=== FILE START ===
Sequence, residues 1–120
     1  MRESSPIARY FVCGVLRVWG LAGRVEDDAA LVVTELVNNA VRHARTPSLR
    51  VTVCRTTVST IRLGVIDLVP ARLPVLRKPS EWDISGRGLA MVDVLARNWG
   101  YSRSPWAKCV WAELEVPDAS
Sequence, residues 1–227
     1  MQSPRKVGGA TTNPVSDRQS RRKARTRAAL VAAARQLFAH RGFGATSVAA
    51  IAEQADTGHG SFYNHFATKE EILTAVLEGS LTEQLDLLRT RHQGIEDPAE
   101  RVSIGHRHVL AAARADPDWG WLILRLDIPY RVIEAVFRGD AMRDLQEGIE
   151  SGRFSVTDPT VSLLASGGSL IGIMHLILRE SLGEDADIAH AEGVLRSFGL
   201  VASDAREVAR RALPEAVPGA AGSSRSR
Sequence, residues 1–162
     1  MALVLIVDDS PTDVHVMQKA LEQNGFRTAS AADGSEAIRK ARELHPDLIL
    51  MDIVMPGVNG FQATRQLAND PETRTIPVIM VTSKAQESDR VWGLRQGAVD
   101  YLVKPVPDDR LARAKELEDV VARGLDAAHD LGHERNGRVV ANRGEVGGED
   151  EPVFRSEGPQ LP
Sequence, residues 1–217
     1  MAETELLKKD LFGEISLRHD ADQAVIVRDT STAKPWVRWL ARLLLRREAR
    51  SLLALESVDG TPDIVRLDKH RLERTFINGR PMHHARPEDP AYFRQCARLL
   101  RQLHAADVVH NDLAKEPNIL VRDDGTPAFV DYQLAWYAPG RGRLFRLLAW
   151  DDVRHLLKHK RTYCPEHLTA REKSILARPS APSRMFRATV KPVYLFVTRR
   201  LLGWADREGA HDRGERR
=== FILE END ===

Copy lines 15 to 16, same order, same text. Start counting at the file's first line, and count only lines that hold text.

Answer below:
   151  EPVFRSEGPQ LP
Sequence, residues 1–217